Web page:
Swellshark, California Swellshark.
Stout body. Snout short and bluntly rounded. Mouth width approximately 3x snout length. First dorsal origin posterior to level of pelvic fin origin. Second dorsal fin level with anal fin origin. Anal fin much larger than second dorsal. Anal fin apex acutely rounded. Lower caudal lobe broad but poorly defined. Dorsal surface covered in irregular brown saddles on a lighter brown base, and scattered black spots. Saddles outlined by broken rows of small cream coloured spots.
Maximum length approx. 100cm. Size at birth 13-15cm.
Temperate/sub-tropical rocky reefs, kelp forests, and somtimes on continental shelves. 5m to 457m but usually found on shallow reefs down to about 40m.
The swellshark is found in the eastern Pacific from northern California to Mexico, and in central Chile. Records from in-between these areas are sparse or non-existent.
The swell shark is not targeted commercially (Moreno-Báez et al. 2012). While this species is taken as a minor bycatch in gillnets and trawls, its habitat (rocky reefs and kelp) is generally unsuitable for trawling, providing the species protection from fishing. Swell Shark is captured in both the small scale lobster trap fishery and the set gill net fishery as a small percentage of the bycatch in Baja California, Mexico (Shester and Micheli 2011). Approximately 1% of gill net landings along the pacific coast of Baja California are comprised of this species, and it is absent from long line catches (Ramirez-Amaro et al. 2013). Ramirez-Amaro et al. (2013) also noted that this species was usually caught as juveniles, suggesting that fishing effort might be opportunistically targeting nursery areas. A survey of the artisanal gillnet fishery in Baja California found that this species comprised only 1% of total elasmobranch catches, and was not valued either for its flesh or fins. This study also found carcasses of this species at discard sites surrounding fishing camps, representing only 0.6% of all carcasses (Cartamil et al. 2011). Along the Sonoran coast of the Gulf of California in Mexico, (Bizzarro et al. 2009) observed that this species is landed by artisanal fishers, however, it represented less that 1% of the total catch. There was no size difference among landed males and females, however, there was 2-fold more males landed than females.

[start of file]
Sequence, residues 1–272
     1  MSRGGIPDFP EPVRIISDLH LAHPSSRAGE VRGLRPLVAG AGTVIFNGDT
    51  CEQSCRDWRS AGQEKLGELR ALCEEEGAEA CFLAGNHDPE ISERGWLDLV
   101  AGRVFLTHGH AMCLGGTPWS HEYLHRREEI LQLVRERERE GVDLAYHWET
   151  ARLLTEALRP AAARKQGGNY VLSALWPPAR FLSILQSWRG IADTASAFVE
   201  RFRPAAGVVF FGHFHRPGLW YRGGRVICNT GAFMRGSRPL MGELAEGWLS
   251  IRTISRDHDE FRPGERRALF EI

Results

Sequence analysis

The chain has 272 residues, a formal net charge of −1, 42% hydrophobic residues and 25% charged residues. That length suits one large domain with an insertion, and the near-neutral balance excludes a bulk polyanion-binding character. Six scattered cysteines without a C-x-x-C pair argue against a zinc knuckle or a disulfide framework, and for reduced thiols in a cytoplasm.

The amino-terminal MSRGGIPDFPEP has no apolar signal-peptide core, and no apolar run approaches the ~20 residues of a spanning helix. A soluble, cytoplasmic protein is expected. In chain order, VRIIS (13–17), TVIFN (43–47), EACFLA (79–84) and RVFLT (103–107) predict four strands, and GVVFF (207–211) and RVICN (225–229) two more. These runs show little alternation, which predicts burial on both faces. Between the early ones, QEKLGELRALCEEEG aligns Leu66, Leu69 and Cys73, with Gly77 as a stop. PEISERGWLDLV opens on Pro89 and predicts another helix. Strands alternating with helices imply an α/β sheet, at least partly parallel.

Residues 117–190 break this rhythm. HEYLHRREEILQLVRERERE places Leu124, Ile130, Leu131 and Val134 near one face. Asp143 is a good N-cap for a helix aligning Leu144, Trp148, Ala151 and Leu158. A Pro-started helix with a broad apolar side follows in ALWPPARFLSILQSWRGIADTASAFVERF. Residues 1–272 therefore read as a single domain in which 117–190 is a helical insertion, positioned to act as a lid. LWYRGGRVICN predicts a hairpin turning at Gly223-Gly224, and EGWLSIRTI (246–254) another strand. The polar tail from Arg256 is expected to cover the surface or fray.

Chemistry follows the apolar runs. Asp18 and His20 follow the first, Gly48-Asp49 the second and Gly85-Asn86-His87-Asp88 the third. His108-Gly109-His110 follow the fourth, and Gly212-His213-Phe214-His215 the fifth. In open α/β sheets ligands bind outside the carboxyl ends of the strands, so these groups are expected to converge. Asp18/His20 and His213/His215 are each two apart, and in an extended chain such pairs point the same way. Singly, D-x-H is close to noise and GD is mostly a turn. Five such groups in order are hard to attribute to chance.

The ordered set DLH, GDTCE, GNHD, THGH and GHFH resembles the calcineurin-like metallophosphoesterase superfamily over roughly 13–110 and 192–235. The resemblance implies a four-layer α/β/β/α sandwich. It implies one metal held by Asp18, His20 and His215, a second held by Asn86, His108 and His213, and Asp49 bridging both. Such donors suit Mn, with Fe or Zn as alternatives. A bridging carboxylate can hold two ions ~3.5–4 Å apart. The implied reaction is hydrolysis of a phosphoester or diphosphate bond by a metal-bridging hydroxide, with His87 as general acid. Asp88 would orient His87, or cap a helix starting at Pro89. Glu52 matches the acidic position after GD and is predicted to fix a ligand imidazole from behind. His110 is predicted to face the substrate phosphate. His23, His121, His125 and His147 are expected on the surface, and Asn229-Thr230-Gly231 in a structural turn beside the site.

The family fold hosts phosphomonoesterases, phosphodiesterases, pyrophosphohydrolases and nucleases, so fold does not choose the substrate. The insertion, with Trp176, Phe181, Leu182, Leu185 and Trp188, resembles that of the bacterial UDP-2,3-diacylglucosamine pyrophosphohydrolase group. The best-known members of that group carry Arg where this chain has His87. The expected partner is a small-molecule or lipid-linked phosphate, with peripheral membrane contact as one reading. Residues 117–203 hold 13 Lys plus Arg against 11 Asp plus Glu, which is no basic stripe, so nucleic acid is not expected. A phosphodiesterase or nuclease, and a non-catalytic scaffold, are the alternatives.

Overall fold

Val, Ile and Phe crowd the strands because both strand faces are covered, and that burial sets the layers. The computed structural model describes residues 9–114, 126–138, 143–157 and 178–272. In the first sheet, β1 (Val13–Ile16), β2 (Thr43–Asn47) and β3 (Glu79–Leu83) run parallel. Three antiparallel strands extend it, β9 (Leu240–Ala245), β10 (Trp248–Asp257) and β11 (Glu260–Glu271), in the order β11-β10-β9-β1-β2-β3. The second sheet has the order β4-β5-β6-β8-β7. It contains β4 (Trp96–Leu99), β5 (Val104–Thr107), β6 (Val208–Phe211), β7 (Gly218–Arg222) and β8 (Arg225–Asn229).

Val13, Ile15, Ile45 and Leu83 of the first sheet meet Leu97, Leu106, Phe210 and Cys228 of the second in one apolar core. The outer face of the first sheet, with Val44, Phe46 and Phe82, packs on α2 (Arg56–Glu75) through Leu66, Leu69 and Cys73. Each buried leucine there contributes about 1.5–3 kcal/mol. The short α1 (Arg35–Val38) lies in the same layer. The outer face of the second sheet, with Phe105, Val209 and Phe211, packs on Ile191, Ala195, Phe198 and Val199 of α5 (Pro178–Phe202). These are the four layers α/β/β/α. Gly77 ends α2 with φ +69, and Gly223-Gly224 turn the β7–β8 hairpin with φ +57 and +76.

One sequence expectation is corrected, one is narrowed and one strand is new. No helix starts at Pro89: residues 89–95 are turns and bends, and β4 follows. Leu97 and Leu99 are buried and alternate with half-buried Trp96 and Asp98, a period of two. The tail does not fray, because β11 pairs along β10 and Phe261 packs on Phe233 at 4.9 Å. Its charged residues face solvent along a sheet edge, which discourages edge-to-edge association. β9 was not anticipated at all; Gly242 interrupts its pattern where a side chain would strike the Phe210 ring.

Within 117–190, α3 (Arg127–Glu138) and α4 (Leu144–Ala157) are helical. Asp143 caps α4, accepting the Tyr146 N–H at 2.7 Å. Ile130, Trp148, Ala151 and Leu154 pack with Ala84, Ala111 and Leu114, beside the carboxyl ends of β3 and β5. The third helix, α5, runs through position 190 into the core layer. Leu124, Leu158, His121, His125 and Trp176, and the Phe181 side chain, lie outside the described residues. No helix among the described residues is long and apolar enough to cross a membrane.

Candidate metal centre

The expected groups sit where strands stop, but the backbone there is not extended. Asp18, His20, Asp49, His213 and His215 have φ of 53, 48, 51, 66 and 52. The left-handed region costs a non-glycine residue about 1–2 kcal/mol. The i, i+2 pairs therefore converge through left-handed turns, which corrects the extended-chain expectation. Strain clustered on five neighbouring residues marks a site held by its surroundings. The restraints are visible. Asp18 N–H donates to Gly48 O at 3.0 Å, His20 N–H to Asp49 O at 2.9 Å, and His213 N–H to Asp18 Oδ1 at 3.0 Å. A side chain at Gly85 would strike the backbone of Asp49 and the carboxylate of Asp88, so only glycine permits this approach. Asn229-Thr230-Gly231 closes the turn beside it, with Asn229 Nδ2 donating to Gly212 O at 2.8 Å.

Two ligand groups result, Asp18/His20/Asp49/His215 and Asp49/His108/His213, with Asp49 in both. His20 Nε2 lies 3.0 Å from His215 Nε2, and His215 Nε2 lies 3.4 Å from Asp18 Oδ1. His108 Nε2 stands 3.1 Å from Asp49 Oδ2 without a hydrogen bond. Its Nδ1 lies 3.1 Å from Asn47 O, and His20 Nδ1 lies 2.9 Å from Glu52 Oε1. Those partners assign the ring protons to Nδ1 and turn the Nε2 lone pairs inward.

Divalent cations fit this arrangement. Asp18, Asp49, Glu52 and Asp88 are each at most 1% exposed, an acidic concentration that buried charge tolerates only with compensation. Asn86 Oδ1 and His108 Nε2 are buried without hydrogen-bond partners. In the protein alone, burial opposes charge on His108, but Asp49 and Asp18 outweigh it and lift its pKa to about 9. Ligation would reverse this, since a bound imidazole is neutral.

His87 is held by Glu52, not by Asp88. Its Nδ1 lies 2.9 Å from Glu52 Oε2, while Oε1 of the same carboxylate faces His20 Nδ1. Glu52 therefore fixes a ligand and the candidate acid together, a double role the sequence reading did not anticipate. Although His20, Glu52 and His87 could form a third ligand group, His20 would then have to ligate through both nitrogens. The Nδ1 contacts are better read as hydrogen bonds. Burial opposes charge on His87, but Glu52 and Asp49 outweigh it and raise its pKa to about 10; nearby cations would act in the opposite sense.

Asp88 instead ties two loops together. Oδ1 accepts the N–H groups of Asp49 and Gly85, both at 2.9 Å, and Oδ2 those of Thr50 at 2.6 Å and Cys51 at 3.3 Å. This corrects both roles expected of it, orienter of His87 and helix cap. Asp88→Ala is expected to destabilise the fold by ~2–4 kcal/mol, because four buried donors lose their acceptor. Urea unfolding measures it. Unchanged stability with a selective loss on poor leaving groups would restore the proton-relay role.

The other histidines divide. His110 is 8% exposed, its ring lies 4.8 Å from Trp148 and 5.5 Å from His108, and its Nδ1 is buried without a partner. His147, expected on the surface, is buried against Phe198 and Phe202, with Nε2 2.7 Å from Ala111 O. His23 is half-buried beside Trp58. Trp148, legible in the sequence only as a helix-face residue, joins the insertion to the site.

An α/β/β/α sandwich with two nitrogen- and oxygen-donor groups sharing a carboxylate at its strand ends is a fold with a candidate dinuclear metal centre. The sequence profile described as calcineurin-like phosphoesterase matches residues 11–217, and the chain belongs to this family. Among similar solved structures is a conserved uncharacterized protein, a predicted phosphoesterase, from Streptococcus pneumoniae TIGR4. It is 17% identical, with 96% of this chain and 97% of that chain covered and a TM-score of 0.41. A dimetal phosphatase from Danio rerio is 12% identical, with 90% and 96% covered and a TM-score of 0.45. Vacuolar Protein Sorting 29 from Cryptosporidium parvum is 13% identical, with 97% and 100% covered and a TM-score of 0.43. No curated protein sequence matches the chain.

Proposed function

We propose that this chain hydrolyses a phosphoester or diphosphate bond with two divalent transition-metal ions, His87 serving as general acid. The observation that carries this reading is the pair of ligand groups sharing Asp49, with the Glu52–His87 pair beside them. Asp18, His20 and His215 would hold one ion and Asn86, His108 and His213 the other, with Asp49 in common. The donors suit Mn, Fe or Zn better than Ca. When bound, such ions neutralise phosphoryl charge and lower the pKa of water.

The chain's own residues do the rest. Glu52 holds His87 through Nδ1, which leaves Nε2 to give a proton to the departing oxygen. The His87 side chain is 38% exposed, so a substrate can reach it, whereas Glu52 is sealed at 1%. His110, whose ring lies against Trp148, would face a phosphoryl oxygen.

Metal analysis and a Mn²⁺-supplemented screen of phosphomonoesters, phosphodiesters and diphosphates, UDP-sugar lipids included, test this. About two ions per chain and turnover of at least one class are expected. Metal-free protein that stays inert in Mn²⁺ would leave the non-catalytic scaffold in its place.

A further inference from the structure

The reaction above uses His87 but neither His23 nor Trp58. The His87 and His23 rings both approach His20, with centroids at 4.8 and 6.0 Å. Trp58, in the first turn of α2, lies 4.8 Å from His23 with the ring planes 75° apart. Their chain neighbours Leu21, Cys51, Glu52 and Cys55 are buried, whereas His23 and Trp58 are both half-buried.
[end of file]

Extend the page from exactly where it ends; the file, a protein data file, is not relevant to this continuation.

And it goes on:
This species is listed by the United States National Marine Fisheries Service as a landed species, however, there are no listings for this species in any recent years (PacFin). For the years in which this species was recorded, there were minimal landings, with only 1978 having the west coast shark fishery land more than 1,000 pounds (Holts, 1988).
However fisheries data often lists shark as “other”, which could possibly obfuscate true landings. This is especially true in Mexico, where small sharks are simply listed as cazonés. However, species-specific surveys in Baja California do suggest that this species may indeed be relatively uncommon in catches. This species is occasionally taken by recreational anglers and spearfishers (Compagno in prep), but this catch is likely not significant.
Citations and References
Villavicencio-Garayzar, C.J., White, C.F. & Lowe, C.G. 2015. Cephaloscyllium ventriosum. The IUCN Red List of Threatened Species 2015: e.T60227A80671800. https://dx.doi.org/10.2305/IUCN.UK.2015-4.RLTS.T60227A80671800.en. Downloaded on 14 November 2020.
Oviparous. The swell shark produces large flattened egg cases that are 9-12.5cm long and 2.8-5.5cm wide. When stretched out, the egg’s adhesive tendrils may be more than 150cm long!
The swell shark feeds on small crustaceans and annelid worms.
Swell sharks remain in deep crevices during the day. They are able to suck in water to inflate their bodies. This may make them more intimidating to predators, and it may help them stay in position against the pull of surge within the reef.
Reaction to divers
Easy to approach when resting on the reef. Not known to respond to chum.
Easily encountered at numerous dive sites in Central and Southern California. Kelp forests that have large shelves of rock for swell sharks to hide under, are prime habitat.
Refugio Beach is one area where I have seen numerous swell sharks on a single dive. Refugio is a popular shore diving site north of Santa Barbara.
In this area, long ridges of rock run parallel to shore; probably sculpted by the surf. To find swell sharks, simply drop into one of the shallow gullies between the rock ridges and look in the shadows with a dive light.
Like many California shore dives, Refugio is choked with kelp and heavily affected by surge, so pay attention to the surf conditions, and bring a dive knife to cut your way out of trouble if you become entangled.
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